by Stephanie Sheridan, Intern, Catalog of American Portraits, National Portrait Gallery
Pocahontas’s only known portrait was created in England, during the last few months of her life. The only surviving record of the sitting is an engraving by Simon van de Passe. This engraving has been the model for many of Pocahontas’s later portraits, including a painting by an unknown artist currently hanging in the National Portrait Gallery. This is believed to be the oldest oil portrait modeled after the van de Passe engraving.
Pocahontas is dressed in English costume in rich shades of red, gold, and green, with white lace cuffs and high collar, a pearl earring, and holding a white and gold ostrich feather fan. To make Pocahontas’s English transformation complete, her skin, hair, and eye color have been significantly lightened.
Pocahontas was the daughter of Washunsenaca or Powhatan, chief of the Powhatan tribe. Born around 1597/98, Pocahontas grew up in her father’s capital, Werowocomoco, located along the Pamunkey (now York) River.
The founding of the Jamestown colony in 1607 brought Captain John Smith to the chief’s attention; the political relationship developed between Smith and Washunsenaca saved the struggling colony. Smith’s departure to England in 1609 for medical needs marked the end of most Powhatan-Jamestown communication until 1613. Of Pocahontas, Mattaponi oral history states that during 1609–13, she came of age, married, moved to the Potowomac tribe on the Potomac River, and had a son.
In 1613, Captain Samuel Argall, a trader who had recently arrived at Jamestown, kidnapped Pocahontas from the Potowomac. Accounts vary, but many historians believe that Pocahontas was kept as a hostage and possibly moved from Jamestown to Henrico, a newer colony upriver. After a year in captivity, Pocahontas was brought to a meeting between the colonists and the Powhatan to discuss the ransom. In his biography of Pocahontas, scholar Philip Barbour quotes an eyewitness account claiming that Pocahontas told her people she wished to stay with the English; according to Mattaponi history, Pocahontas was not given the option to leave. While these conflicting accounts make it difficult to uncover the truth, we do know that after this event, Pocahontas converted to Christianity and married tobacco farmer John Rolfe.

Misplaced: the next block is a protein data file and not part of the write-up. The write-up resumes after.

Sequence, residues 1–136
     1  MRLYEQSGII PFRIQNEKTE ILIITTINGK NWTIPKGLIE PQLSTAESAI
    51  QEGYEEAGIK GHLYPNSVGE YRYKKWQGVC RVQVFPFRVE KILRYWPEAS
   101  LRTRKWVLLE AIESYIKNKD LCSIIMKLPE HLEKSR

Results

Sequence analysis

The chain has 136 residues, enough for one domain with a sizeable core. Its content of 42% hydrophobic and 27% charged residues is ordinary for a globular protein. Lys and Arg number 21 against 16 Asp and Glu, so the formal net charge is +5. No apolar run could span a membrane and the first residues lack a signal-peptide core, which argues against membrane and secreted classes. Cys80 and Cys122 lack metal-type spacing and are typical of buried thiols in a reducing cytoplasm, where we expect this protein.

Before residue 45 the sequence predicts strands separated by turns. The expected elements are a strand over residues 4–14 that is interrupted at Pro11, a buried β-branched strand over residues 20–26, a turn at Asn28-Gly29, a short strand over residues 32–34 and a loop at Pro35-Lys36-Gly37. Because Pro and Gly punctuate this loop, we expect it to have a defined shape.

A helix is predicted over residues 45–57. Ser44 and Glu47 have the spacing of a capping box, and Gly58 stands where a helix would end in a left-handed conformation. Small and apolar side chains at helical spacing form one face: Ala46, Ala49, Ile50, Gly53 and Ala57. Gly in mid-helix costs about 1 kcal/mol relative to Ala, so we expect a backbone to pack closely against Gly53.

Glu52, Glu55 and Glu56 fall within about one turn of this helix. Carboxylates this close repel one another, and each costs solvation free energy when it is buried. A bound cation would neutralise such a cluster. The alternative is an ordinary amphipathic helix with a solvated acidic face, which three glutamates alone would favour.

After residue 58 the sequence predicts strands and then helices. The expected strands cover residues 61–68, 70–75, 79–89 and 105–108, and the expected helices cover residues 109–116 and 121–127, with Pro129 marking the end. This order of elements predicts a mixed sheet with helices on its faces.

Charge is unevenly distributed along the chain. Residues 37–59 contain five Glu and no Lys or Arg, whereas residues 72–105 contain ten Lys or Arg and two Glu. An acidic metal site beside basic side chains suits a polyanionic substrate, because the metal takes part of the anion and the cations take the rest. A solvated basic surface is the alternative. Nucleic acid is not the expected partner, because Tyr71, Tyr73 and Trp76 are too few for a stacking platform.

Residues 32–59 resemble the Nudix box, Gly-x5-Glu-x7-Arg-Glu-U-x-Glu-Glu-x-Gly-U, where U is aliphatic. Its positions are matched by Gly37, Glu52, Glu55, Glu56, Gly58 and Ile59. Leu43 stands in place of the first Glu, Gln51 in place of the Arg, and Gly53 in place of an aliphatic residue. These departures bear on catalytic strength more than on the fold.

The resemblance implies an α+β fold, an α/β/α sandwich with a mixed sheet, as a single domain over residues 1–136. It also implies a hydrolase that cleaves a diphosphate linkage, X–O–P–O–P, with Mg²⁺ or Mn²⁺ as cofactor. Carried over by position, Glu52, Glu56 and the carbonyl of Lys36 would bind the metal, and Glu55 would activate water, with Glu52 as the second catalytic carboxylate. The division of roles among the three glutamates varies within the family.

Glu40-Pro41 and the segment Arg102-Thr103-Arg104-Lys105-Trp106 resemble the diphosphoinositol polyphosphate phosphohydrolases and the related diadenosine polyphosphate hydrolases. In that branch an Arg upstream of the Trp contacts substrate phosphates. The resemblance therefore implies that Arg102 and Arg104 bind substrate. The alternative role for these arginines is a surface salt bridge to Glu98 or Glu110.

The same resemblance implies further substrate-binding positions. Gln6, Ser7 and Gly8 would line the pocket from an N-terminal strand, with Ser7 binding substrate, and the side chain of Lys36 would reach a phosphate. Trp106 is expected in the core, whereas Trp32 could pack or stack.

Accounts of Pocahontas’s marriage to and life with Rolfe are, at best, scarce. In 1616, Pocahontas, Rolfe, their son, and several Indian escorts (two of whom are believed to be Pocahontas’s older sister and her husband) journeyed across the Atlantic Ocean to England. Pocahontas was presented as an “Indian princess” and met with England’s elite, including the king and queen.
In March 1617, as the Jamestown group was preparing to sail back to the New World, Pocahontas suddenly became ill and died. While many English sources claim a sudden bout of tuberculosis claimed her life, Mattaponi history states that she was murdered, possibly poisoned aboard the ship. Her body was taken to Gravesend, England, where she was buried in the local church.
Philip L. Barbour, Pocahontas and Her World (Boston: Houghton Mifflin, 1970).
Dr. Linwood "Little Bear" Custalow and Angela L. "Silver Star" Daniel, The True Story of Pocahontas: The Other Side of History (Golden: Fulcrum Publishing, 2007).
Helen C. Rountree, Pocahontas Powhatan Opechancanough: Three Indian Lives Changed by Jamestown (Charlottesville: University of Virginia Press, 2005).
Grace Steele Woodward, Pocahontas (Norman: University of Oklahoma Press, 1969)